She shared El’s temple in Ugarit (the modern Ras Shamrah) and many representations of Her are known from that site. She was considered the consort of Ba’al-Hadad in Syria and had a temple there. The Ashtoreth of the Hebrew Scriptures, worshipped along with Ba’al as a divine pair, may refer to Athirat the Mother Goddess, or to Ashtart (Astarte). There is much confusion on the subject, among both ancient and modern sources, and it’s likely I’m just as confused, though I have done my best. As “Ba’al” is properly a title meaning “Lord” and was used of differing Gods depending on the location, it is quite possible that what is meant in the Bible by “Asheroth” simply refers to the local chief Goddess as the consort of Ba’al or El, which in some places would be Ashtart, in others Athirat. See Ashtart for the Biblical references.

Like Ashtart, Athirat is associated with the lion. She is generally shown as a nude Goddess with curly hair cupping Her breasts with Her hands. She is also associated with the snake, and an alternate name for Her is Chawat, which in Hebrew transliterates to “Hawah”, or in English “Eve”; so She may well be the root of the Biblical Eve. Like the later Carthaginian Goddess Tanit, whose name means “Serpent Lady”, Athirat was represented as a palm tree or pillar with a snake coiled around it, and the name Athirat derives from a root meaning “straight”.

Atargatis of Syria is likely a late combination of or confusion with both Athirat and Ashtart/Astarte.

Alternate spellings: ‘Athirat, Airat, Asherat, Asherah, Sherah. In the Ugaritic texts She is called Ashertu, and called the unfaithful wife of Elkunirsa, a forerunner of El. The Hittites knew Her as Ashertus or Asertu; to the Amorites She was Ashirta; to the Akkadians She was Ashratum, and to the Hebrews, Asherah.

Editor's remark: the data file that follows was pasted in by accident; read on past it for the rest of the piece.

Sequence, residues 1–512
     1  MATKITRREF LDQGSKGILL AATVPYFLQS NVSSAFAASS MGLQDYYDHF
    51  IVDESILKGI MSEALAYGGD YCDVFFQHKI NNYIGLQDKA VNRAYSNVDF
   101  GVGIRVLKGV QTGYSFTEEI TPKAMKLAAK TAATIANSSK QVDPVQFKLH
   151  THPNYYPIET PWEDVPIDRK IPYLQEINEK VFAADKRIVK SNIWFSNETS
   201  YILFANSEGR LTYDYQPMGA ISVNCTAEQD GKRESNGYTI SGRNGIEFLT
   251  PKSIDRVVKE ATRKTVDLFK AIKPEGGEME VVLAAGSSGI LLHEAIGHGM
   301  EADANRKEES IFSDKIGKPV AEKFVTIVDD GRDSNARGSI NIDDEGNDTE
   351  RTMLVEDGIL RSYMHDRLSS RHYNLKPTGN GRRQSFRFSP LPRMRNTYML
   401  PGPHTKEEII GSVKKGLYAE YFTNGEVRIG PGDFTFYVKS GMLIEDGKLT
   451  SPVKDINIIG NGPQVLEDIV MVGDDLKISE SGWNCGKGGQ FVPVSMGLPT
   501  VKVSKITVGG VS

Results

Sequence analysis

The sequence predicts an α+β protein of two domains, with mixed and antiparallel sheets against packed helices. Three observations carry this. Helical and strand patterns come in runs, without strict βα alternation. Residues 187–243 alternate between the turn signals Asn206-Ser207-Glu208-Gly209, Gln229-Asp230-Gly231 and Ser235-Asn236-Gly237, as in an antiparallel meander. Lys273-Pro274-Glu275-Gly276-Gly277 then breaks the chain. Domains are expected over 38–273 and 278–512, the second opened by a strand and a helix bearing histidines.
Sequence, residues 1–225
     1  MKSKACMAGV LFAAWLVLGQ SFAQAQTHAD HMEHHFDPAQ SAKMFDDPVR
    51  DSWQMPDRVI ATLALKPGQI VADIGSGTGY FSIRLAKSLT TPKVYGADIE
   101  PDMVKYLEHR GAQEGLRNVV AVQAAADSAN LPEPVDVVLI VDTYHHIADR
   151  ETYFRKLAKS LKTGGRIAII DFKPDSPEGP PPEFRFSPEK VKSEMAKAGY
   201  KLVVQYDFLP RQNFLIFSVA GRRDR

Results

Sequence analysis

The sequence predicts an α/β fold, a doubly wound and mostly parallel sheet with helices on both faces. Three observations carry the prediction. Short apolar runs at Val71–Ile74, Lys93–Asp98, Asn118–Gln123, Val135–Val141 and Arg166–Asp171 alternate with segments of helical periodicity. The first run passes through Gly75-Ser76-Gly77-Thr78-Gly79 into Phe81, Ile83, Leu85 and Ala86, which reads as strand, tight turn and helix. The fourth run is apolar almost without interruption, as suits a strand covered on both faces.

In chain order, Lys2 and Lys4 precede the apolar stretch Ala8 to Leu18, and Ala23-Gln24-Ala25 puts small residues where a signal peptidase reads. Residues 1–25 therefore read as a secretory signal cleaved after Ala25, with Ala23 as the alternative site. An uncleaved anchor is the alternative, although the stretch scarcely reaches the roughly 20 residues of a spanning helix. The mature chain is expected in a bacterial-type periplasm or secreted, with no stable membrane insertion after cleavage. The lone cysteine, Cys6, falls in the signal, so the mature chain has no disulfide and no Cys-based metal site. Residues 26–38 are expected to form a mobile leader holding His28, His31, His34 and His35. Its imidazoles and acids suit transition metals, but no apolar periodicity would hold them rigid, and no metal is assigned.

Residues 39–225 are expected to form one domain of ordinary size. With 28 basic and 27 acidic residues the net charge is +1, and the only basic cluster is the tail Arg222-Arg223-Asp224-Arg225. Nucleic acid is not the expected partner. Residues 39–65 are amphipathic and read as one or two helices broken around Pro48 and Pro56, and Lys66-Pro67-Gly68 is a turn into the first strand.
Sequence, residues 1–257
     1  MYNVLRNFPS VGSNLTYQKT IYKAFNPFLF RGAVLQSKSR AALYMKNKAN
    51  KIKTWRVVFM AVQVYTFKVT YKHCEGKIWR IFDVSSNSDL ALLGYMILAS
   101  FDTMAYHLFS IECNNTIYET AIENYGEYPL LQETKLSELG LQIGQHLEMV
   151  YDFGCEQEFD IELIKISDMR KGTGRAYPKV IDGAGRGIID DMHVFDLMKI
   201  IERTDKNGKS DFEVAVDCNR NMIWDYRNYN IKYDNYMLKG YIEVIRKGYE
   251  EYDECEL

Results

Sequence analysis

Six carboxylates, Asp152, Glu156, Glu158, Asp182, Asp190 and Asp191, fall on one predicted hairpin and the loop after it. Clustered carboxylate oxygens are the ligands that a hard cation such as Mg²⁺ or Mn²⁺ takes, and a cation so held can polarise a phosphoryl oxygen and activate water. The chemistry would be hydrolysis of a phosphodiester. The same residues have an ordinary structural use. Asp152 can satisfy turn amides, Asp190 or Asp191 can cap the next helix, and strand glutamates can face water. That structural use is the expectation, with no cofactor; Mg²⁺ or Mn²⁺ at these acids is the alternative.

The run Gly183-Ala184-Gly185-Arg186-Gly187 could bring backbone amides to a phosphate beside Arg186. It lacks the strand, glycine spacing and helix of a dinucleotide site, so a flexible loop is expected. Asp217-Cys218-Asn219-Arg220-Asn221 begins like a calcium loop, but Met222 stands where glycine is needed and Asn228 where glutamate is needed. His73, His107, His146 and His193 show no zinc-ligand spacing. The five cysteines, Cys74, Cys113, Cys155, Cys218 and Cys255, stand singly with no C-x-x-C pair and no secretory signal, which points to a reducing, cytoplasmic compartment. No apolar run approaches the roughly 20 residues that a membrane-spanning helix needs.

Titles: “Athirat-of-the-Sea”, “Lady of the Sea”, “Mother of the Gods”, “In Wisdom the Mistress of the Gods”, “Mistress in Wisdom”, “Lady Who Treads Upon the Sea”; Elat or Elath, “Goddess” (this likely makes Her related to the Arabian Goddess Al-Lat); Labi’atu, “the Lion Lady”; Dat ba’thani, “Lady of the Serpent”; Rabat Chawat ‘Elat, “Great Lady Eve the Goddess”; Qadshu or Qadesh, “Holy” is a title used of Her as well as Anat. In the Sinai She was given the epithet “Lady of Turquoise”, and the Egyptians equated Her with their Hathor.

← Asherah, Part III: The Lion LadyAn American Goddess: Mary in the New World →

Star of the Sea

Posted on December 16, 2010 by Carisa

The Birth of Venus, Sandro Botticelli (1486)

Aphrodite, Goddess of Love, the most beautiful of all the goddesses of Greece has an unusual origin.  She was born out of the penis of the sky when it fell into the sea. The penis in question belonged to Ouranos, the deity who was the personified sky, and it landed in the ocean not at all by chance. It was cut off by his son Cronus, who subsequently became the ruler of all things. (Cronus would later be deposed by his own son Zeus.) Leave it to the ancient Greeks to add an element of disturbing violence to an otherwise perfect metaphor.  Take out the dis-membering aspect, however, and we are left with a gorgeous image of feminine beauty, power, and love rising out of the sea.  In Botticelli’s archetypal image of the scene she sails to the shore of Cyprus upon a clam shell. But if her birth is from the womb of the sea, the contribution of the sky is important too. For Aphrodite is not just a Sea Goddess; she is also a star, known to the Romans (and us) as Venus.  More properly, she is a planet, but to the ancients, the planet Venus was the Morning and Evening Star.